How I Grade

Economics has the reputation of being a difficult discipline.  To be honest, it can be. Hell, I got a “D” when I took Principles of Microeconomics from Professor Klose (you can read part of the letter of recommendation he wrote for me here – Late Bloomer). 

Its difficulty arises from the fact that the “economic way of thinking” challenges your common sense – to truly think like an economist takes a lot of practice and discipline.  You can only master it by doing lots of problems.

However, if sufficient effort is dedicated, there will be a pivotal moment in the semester when you will experience an intellectual “click” and the “economic way of thinking” will come into focus.  Trust me, when you experience the moment, and you can, it is exciting for both you and me. 

It will forever influence how you see the world around you, how you make choices, and, some would say most importantly, how you socially interact at parties and family gatherings.  As your professor, I endeavor to make the “click” happen.  In fact, it is one of the perquisites of being an economics professor.   However, as with all things, the “click” is a scarce good (I am now using my “Econ” voice).  And, as with any scarce good, to acquire it takes sacrifice.  To guide you in this sacrifice, you can count on me to honestly inform you when you have not met the standards of a particular assignment.  A clear signal of academic performance informs you that additional effort must be allocated to a particular task.  If a false signal is sent, as a rational individual, you may forgo a valuable opportunity to reallocate scarce intellectual effort; thus, pushing back the moment. 

As one of my students you can expect honest and rigorous grading; however, because I want you to experience the “click” you can also expect a lot of encouragement.  My grading philosophy is shaped by the desire to create a classroom environment that is conducive to this experience – an environment that will allow you to proudly exclaim at the end of the semester: “It clicked!”

Grading Logistics

Two principles guide the grading process: student anonymity and giving honest feedback.  Here are the steps I take to grade exams:

  1. To insure student anonymity, students are instructed to not sign the front cover of the blue-book.  Instead they will sign their names on the inside of the back-cover of the blue-book.
  2. One question is graded at a time.
  3. All exams are then shuffled before choosing the next question to grade.

Tips

Each exam is worth 100 points and is composed of three parts: multiple choice (usually 15 – 20 points), short answer questions (20-40 points), and long answer questions (50-70 points) questions.  And, get this, except for the multiple choice questions, all questions (yes, I just said all) come from the questions at the end of each book chapter. And, get this, I will give you the answers to all of the questions at the end of each chapter. Yeah, I know. Sounds too good to be true. It isn’t.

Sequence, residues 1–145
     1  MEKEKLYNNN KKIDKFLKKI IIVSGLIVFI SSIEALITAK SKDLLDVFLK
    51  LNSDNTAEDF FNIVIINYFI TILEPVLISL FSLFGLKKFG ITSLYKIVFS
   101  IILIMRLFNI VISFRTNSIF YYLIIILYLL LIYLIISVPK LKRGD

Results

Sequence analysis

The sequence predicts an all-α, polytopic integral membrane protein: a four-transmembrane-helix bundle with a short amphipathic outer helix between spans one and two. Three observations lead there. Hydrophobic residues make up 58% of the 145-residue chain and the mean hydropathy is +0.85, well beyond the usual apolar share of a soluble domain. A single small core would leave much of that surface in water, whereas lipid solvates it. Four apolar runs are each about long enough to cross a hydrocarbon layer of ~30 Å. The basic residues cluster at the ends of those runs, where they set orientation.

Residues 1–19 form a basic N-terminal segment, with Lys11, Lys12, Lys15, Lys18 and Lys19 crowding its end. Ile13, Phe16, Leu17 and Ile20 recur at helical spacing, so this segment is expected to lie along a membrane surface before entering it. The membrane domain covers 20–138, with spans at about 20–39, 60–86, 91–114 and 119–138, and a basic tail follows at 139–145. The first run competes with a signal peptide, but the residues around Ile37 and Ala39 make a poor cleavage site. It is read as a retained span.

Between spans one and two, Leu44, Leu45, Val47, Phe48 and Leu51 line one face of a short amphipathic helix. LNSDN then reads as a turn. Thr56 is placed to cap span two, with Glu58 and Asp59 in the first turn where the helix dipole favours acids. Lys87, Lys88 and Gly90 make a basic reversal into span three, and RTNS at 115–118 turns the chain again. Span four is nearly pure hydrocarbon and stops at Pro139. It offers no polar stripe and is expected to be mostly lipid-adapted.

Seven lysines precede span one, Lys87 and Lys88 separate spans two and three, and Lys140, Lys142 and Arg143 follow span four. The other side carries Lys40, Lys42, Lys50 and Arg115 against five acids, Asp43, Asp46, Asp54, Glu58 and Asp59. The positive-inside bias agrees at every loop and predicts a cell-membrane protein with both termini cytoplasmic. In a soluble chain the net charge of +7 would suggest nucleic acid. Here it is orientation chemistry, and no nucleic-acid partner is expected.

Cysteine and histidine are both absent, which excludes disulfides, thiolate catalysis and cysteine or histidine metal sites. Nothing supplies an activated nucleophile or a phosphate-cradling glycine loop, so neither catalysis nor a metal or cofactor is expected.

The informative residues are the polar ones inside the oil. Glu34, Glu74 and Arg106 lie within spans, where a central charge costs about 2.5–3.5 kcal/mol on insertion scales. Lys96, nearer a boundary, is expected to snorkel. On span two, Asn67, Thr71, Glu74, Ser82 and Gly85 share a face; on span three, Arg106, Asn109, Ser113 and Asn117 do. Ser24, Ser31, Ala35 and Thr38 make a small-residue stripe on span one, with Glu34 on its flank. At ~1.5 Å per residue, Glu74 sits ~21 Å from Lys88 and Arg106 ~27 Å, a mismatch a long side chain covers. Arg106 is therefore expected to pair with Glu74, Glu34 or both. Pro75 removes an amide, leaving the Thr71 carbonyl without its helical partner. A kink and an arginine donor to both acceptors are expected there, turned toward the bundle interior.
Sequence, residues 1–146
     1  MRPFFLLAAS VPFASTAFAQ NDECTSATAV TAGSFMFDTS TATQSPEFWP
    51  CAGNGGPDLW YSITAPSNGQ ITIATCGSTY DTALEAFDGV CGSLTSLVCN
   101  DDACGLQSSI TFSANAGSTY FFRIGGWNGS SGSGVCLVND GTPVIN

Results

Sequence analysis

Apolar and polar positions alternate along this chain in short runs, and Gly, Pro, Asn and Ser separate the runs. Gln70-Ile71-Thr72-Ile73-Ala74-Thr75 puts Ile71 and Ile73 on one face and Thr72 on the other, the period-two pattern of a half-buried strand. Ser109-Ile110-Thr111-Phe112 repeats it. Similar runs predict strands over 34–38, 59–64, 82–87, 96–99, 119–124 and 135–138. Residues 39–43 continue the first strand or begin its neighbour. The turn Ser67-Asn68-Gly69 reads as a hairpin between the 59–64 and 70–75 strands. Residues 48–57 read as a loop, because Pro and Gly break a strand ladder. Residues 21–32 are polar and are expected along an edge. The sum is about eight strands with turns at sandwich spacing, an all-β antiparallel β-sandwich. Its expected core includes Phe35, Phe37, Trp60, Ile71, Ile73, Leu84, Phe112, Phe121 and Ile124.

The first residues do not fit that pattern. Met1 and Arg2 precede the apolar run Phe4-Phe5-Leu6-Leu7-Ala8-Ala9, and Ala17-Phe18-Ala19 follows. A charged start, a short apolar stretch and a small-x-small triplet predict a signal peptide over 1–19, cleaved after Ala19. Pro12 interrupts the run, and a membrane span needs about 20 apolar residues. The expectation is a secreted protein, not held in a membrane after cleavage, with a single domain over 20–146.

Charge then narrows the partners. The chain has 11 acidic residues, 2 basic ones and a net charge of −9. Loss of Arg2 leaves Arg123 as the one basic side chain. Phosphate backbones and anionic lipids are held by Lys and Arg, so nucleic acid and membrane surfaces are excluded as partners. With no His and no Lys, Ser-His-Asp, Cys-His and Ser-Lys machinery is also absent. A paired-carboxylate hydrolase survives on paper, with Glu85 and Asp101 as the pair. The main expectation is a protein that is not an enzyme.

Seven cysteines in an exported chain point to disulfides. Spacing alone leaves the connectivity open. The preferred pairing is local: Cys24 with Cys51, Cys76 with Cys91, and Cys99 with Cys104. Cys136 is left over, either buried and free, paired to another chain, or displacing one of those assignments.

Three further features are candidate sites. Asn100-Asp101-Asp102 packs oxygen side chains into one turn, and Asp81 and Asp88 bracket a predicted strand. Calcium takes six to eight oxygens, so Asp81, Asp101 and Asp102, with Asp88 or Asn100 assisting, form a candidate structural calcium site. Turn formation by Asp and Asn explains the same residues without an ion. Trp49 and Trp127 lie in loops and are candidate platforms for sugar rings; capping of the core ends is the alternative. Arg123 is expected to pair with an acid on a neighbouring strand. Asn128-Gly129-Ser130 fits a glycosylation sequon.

As a test-taking strategy, you should attempt to do each question at the end of chapter. Grade your answer using the answer key. And, them come see me if you have any questions.

On the day of the test, I also recommend starting with the long answer questions first, then the short answer, and finally the multiple choice.

Why? 

Test-taking is physically and mentally draining.  And, given that the bulk of the exam points are in the long answer section, you want to begin there when you a mentally fresh.  Remember, if at the closing end of the examination period you are mentally fatigued and running out of time you can always guess on the multiple choice and still have a 1 in 4 chance of getting the answer right. 

All exam questions are answered in a blue book (You can pick one up in the bookstore).  Short answer questions can usually be answered in less than 5 sentences, while long answer questions take more.  Remember, it is the student’s job to demonstrate to the instructor his or her command of the material.  So, make sure that your answers are (1) clearly written (You have studied hard for this exam so make sure that I can grade your answer.) and (2) complete (i.e., all subsections of a question are answered).  “You knew what I meant” is not a valid defense.  Getting to the point is a virtue.  Also, I have the reputation of being a “nitpicky” grader.  What does that mean?  With respect to graphs on assignments, you want to make sure that all markets, axis, and curves are correctly identified, shifts and movements along curves are demonstrated with arrows, and a brief synopsis of the shock and its ramifying consequences for the market are provided.   

It is also important to remember that examinations are stressful.  So, before each answer, you should take some time to breathe and reflect – think about the basics, the economic building blocks we reviewed in class.  Every question asks you to return to these basic building blocks.  Finally, if you feel the need to take a walk outside and clear you head do so…however, be courteous when exiting.  Good luck, you can do it!

One more thing, I give out quite a bit of extra credit. So, come to class. Come to class every day. Do the problems at the end of each chapter. That’s the formula.

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